[My page]({% link %})

[Collection page]({% link _my_collection/ %})

@MichaelCurrin @BillRaymond thanks for the replies! More information about the setup:

The current setup I have now is the following:

Folder structure:
_docs: which is the base folder for everything
_docs/subfolder: which is a folder within the _docs-folder

I have several subfolder under _docs, but this is the basic setup I have.

In the _config.yml I have defined these collections:

    output: true
      output: true
      permalink: /docs/:name/
      output: true
      permalink: /docs/:name/
        output: true
        permalink: /docs/folderInSubfolder2/:name/

All documents are in the markdown format, and the links are defined with

[Some doc name](

. I’m trying to achieve a way to replace all existing links in the markdown files so that they work the collections defined, without doing all of it manually.

Hope this clears things up a bit!

Thank you for the answers this far!

I understand the setup of the collections.

I didn’t realize you could nest them. Have you verified the subfolder approach on a small scale?

Onto the replacement

Well the bit we need is…

How do you know which collection this one is in?

To get it to be:

If you have a link like this:


Then that could be anywhere on the site. So I can’t see how to replace as /docs/collectionName/page/.

BTW if you can use link tag, you would do []({% _collectionName/ %}) and then the ...html path would be worked out for you. In fact if you change permalink on the page or in the config then the html path will reflect that.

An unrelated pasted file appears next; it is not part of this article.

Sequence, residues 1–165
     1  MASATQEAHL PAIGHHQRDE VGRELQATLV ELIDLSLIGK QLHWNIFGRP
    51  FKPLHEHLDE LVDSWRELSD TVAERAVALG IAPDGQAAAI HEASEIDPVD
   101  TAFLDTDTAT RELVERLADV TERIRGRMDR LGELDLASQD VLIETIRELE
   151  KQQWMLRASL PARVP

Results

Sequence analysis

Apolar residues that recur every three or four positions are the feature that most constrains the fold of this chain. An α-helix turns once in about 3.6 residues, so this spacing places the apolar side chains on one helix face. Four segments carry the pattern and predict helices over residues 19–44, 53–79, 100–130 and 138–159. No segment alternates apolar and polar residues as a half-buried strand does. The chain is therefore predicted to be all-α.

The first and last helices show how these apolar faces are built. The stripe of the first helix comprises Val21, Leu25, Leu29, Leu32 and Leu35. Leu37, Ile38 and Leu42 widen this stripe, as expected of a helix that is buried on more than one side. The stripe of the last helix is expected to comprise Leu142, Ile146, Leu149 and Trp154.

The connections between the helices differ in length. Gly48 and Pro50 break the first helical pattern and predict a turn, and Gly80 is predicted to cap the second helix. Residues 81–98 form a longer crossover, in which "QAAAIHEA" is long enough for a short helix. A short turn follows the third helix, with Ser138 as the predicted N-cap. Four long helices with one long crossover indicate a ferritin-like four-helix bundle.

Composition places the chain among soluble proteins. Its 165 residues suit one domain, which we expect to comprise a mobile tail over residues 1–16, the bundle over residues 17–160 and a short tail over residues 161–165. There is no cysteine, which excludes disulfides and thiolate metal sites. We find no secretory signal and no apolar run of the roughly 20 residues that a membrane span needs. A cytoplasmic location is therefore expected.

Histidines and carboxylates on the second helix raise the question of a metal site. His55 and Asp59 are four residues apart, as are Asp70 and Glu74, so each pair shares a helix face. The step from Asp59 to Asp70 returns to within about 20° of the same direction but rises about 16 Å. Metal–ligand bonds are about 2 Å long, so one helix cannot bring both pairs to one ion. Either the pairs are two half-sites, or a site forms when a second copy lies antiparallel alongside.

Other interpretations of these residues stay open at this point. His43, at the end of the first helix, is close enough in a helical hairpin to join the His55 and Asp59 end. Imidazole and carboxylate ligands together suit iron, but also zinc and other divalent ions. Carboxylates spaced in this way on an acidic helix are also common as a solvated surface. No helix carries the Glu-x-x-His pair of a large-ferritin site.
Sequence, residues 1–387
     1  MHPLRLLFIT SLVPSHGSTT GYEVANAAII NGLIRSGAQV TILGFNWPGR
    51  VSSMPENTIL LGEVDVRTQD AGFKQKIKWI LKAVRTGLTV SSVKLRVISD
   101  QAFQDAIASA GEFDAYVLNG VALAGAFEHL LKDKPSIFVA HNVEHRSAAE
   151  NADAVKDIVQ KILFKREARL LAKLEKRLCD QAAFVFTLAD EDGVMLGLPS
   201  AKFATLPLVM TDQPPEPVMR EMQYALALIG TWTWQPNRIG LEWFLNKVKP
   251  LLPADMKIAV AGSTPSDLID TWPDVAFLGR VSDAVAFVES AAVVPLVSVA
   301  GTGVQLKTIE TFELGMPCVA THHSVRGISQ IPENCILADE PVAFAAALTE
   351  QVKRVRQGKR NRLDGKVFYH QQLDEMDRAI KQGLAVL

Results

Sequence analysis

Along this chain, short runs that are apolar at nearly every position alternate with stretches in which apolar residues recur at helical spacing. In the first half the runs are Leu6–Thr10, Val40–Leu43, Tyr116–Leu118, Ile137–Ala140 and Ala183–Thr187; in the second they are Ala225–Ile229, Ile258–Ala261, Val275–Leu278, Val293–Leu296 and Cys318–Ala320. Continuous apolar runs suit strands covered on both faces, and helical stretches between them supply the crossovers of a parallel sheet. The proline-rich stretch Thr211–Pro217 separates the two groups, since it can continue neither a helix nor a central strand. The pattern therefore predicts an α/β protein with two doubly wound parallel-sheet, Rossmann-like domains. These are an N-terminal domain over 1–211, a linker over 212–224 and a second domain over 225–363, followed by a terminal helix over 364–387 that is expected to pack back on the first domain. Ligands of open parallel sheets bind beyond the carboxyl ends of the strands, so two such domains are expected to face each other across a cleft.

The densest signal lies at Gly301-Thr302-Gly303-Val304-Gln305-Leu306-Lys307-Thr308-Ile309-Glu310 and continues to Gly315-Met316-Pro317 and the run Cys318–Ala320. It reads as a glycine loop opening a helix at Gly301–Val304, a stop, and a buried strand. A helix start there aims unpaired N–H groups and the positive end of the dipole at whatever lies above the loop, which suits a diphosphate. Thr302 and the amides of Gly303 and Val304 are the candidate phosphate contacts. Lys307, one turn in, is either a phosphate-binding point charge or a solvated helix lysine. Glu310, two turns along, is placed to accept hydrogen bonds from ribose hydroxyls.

Also if everything is in docs, is there anything in the root as /index.html? maybe you should remove that layer in the path and put everything in the root. It will be simpler to configure and structure. Especially if docs is on your domain name already.

You could even make a separate site for just docs.

Maybe you should just to a find and replace for each page.

E.g. for the first page.html

Do a global find and replace of page.html with {% link _collectionName/ %}.

And repeat for page2.html

Do a global find and replace of page2.html with {% link _anotherCollectionName/ %}.

And repeat for all pages.

You won’t need any regex pattern. You just have to use your own brain to know that page.html belongs in the first collection and page2.html belongs in the 2nd collection (or whatever sub sub directory).

@MichaelCurrin Ah I see. Well I had trouble finding enough documentation and understanding it make this work correctly. But I was thinking of collections as “folders”, so each subfolder under _docs would be a separate collection, then a subfolder would be it’s own collection. This is order to get permalinks to follow the format of "https:/

But I could maybe then use a search/replace based on which folder I am in?

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Would you consider dropping use of collections altogether?

Just structure like this


No configuration needed for permalink or collections.

And then will be under


No need to set permalink

Well I like to use config values as permalink: pretty but up to you.